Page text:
A skateboard. Something that is simply fun even though I cannot find my balance. A bakery. Somewhere to go if you have a sweet tooth like me. A bridge. Something that connects and helps you to get from one side to another. Borough Market. I get hungry just thinking about all the delicious food in that area.

I never thought these things would bring tears to my eyes. Another week, another terrorist attack. Even for those of us whose communities have not experienced this kind of trauma and grief, it has become a tragic norm to read the stories (Manchester, Cairo, Kabul, Portland…), to watch the videos and to be deeply disturbed and heartbroken. Last week during the horrific attacks on London Bridge and around the Borough Market I was in Latvia and there was and still is so much sadness here. Yes, there have been too many of these kind of evils in Europe, Middle East, Asia, USA, Africa and elsewhere but this one felt even more personal and shocking.

Not only because so many Latvians have visited London and for many of us it is one of our favorite global cities that is so beautiful and friendly and fascinating. Of course, many also have friends and family who live and work in London now, including my own brother and his family. I know the streets they walk, the trains they take, the pubs they hand out in and the shops they favor.

The other tragedy that broke my heart was the horrible attack on the city commuter train in Portland, Oregon where on May 26 two guys got stabbed to death because they intervened on behalf of two young girls who were being insulted because of their ethnicity and religion. The attacker was yelling that “Muslims should die” and the girls should get out of “his country”. Ricky John Best and Taliesin Myrddin Namkai-Meche died from their injuries when they were stabbed in the neck and the attacker was arrested while he was still yelling hateful slurs and acting proud of his actions that “that’s what liberalism gets you.”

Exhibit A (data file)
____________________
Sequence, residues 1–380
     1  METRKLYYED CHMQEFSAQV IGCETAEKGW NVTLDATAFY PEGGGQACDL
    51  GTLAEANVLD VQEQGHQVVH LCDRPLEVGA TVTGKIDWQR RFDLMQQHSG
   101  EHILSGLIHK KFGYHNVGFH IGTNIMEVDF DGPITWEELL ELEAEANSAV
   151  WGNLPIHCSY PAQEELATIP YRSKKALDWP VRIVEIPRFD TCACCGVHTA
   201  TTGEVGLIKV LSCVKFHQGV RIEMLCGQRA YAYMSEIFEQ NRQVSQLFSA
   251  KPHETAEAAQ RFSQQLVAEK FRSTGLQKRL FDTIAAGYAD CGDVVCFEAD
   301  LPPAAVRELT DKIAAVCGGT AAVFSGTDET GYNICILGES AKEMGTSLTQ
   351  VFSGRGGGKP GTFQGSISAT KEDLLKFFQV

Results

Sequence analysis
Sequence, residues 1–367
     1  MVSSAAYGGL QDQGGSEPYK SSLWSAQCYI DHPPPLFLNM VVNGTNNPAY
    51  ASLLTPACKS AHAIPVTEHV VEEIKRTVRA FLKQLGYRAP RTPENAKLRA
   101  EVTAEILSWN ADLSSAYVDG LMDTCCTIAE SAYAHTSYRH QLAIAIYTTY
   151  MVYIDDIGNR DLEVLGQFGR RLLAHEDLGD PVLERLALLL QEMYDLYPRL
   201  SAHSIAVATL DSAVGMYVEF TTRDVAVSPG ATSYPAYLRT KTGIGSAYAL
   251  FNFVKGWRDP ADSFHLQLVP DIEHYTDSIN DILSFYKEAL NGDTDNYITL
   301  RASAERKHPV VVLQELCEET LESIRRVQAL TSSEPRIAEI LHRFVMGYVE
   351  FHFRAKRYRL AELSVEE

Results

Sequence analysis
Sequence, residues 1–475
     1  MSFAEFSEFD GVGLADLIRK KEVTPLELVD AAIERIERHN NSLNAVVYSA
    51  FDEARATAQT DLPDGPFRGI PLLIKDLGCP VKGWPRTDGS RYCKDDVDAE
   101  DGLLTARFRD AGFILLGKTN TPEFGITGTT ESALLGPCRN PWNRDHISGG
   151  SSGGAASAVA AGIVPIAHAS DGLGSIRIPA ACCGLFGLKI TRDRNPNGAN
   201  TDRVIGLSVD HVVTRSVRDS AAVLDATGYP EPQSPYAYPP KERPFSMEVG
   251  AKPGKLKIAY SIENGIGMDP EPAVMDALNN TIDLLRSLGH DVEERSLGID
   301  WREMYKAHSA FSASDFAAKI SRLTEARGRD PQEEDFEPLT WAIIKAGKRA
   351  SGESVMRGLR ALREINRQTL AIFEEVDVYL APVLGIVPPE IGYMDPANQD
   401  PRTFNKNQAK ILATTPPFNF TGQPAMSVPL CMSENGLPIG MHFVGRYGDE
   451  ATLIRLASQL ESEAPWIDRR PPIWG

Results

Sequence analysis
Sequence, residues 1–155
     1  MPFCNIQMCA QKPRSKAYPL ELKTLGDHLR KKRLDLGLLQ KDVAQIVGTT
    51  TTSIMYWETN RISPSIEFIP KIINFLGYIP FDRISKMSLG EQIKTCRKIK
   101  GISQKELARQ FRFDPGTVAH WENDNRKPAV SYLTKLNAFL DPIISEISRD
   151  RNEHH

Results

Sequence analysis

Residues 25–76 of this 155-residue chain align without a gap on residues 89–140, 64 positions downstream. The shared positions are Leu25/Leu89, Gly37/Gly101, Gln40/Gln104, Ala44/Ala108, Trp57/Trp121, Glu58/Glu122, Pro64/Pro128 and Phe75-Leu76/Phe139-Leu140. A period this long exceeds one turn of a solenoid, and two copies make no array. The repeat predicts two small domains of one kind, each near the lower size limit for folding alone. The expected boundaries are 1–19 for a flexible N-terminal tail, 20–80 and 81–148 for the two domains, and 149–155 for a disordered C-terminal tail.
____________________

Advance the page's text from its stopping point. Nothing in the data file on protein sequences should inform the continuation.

And this happened in another one of my favorite cities (I admit I am a city girl). If I lived in the US, I would want to live in Portland. Yes, it rains there a lot (so it does in London) but it makes everything so green and beautiful. The rivers and the valley is gorgeous and Portland has been called the “City of Roses” for a long time because its climate is ideal for growing roses.

There is so much in common between these two recent tragedies and the way these cities are now united in grief. On the side of hate and exclusion, there was extreme views, violence, attacks by knife and stabbing anyone who gets in the way or tries to defend the innocent. In both places the attackers were yelling that they are defending some kind of higher cause and exposing their views who deserves to live and who deserves to die. Who is in “my country” or “us” and who is “them”. In both cases believed they were “righteous”.

On the side of love and embrace, there were people who were living one of those simple and everyday moments of life. Whether it was coming home from work on a full train or enjoying a nice summer weekend and hanging out with friends, lovers and family. And then there were the “ordinary” heroes. In Portland it was the guys who tried to de-escalate the situation and stood up to protect the girls. In London, there was the Spanish guy, Ignacio Echeverria, who tried to help a woman, used the only things he had in his hand – his skateboard – and lost his own life. Or the brave Romanian chef, Florin Morariu, who hit one of the attackers with a crate and then helped 20 people to hide in his bakery.

There were many more heroes and most will remain unknown and to them we are so grateful. To the people who experienced these horrors and will have the memories for the rest of their lives, we are so sorry. And to those who lost their loved ones, words cannot express…

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Photos from internet

 

 

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